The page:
Is it possible to find tax-equivalent yields equal to those of munis in taxable bonds?
The obvious candidates are the so-called high-yield corporate bonds, also known as junk bonds. By definition, these bonds are rated below investment grade. The quoted yields for junk bonds are typically well above those quoted for munis, either individual bonds or bond funds. I would urge caution when dealing with high-yield bonds or bond funds for a number of reasons.
The credit quality of corporate bonds as an asset class is significantly lower than that of munis. As noted above, approximately 50% of all corporate bonds are rated below investment grade. Furthermore, while the number of defaults varies from year to year, it is a far larger number than that of munis. So buying individual high-yield bonds requires genuine expertise. If the higher yield of that sector appeals to you, bond funds provide a significant buffer against defaults by spreading the risk among many bonds. The best bet would be funds that invest in the higher-quality junk bonds: They do not quote the highest yields, but returns are more consistent.
The traditional metric for measuring how attractive junk bonds may be at any one time depends on how much more you are earning compared to Treasuries. Spreads of junk bonds compared to Treasuries reached unprecedented levels during the financial panic of 2008: 2000 to 2500 basis points higher than Treasuries. (Yes, those numbers are correct). When spreads of junk bonds to Treasuries are 200 to 250 basis points, junk bonds are considered somewhat expensive. You are not getting paid enough for the risk you are taking.
In 2009, junk bonds rallied significantly from the depressed levels of 2008. Average total returns of junk bond funds were stellar: almost 32%. Since then, returns have been more modest. At the present time, average yields (again, distribution yields) quoted for junk bond funds have fallen to approximately 5.11%, representing spreads to Treasuries of about 250 to 300 basis points (higher for funds investing in the lowest-rated junk bonds). Any rise in Treasury rates would cause the ratios to become even less attractive. Note also that corporate bonds track the stock market as much as, or more than, the bond market. Declines in the stock market would result in declines in the price of corporate bonds.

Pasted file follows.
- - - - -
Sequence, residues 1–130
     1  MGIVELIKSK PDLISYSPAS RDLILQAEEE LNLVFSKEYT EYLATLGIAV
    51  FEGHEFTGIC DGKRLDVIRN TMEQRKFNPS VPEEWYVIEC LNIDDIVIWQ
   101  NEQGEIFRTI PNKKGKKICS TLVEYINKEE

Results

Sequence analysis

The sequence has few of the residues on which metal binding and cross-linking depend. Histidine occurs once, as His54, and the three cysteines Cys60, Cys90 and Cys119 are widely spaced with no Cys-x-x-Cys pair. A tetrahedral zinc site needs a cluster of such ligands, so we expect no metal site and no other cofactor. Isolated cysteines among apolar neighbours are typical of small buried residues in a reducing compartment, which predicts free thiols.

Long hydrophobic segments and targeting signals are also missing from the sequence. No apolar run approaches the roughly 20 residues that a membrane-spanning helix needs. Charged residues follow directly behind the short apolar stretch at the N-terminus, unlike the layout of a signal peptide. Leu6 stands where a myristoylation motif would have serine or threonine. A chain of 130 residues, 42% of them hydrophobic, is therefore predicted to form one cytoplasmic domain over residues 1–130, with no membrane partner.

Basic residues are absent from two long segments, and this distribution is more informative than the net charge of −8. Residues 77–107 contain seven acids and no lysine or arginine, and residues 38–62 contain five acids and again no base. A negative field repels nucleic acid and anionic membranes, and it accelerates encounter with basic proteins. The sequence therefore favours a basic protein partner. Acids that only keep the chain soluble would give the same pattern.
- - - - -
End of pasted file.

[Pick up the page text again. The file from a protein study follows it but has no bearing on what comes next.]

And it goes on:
Remember also that junk bonds are taxable. For personal monies—that is, money that is not tax-sheltered—based on your tax bracket, the realized yield may not be higher than that of tax-exempt munis. Junk bond funds may make sense for tax-sheltered accounts, but investigate any fund you are considering very carefully.
As you may remember, during 2011, S&P downgraded U.S. Treasuries to AA+. I am not sure what motivated that downgrade, but it does not cause me to worry about the credit quality of U.S. Treasuries. The rest of the world seems to share that opinion: Over the past couple of years, U.S. Treasuries have rallied whenever there is a concern about any debt worldwide.
On the other hand, be aware that U.S. Treasuries fully share interest rate risk. Long-term Treasury zeros are very risky if interest rates rise. So-called long-duration Treasury bond funds had stellar total returns in 2012 (more than 30%) because long Treasury rates declined steeply. But year to date, long-duration Treasury funds have been among the worst-performing bond funds, posting declines of 4% to 5% through March as long-term Treasury rates rose.
This article has been focused on current conditions in the municipal bond market. So it is heavily focused on credit quality and interest rate risk. But bear in mind that an election is looming. Tax rates will be a major issue in the upcoming campaign: If tax rates rise on higher income earners, then that may make the entire muni sector more attractive. Conversely, a number of proposals are on the table for discussion, which might cap how much tax-exempt income can be earned. That would impact the muni market.
In addition, be aware of “headline risk.” The 2010 panic in the muni market was greatly magnified by the publicity accorded Meredith Whitney’s forecast of looming massive defaults. She is currently writing a book; when it is published, it will no doubt cause a lot more head-shaking. Also, if any highly publicized default were to occur, the entire issue of credit quality may once more cause a panic.
Nonetheless, my overall take on the fixed-income markets is that conditions are not nearly as dire as a lot of media would have you believe. True, money market funds are yielding next to nothing. And returns for all categories of bond funds in 2012 are unlikely to match those of 2011. Capital gains due to falling interest rates are not likely. If you own aggressive funds, it may be time to pocket your profits for the past year and put some money in lower-risk, less-aggressive funds or keep it in money market funds until some better opportunities arise. But you can earn modest returns by diversifying risk among maturities and credit quality. The watchword in the current environment is to remain invested, but cautiously.
The author thanks Jeff Tjornejoh, head of research for the Americas at Lipper, for data on bond funds and Cecilia Gondor, executive vice president of Herzfeld Research, for data on closed-end bond funds.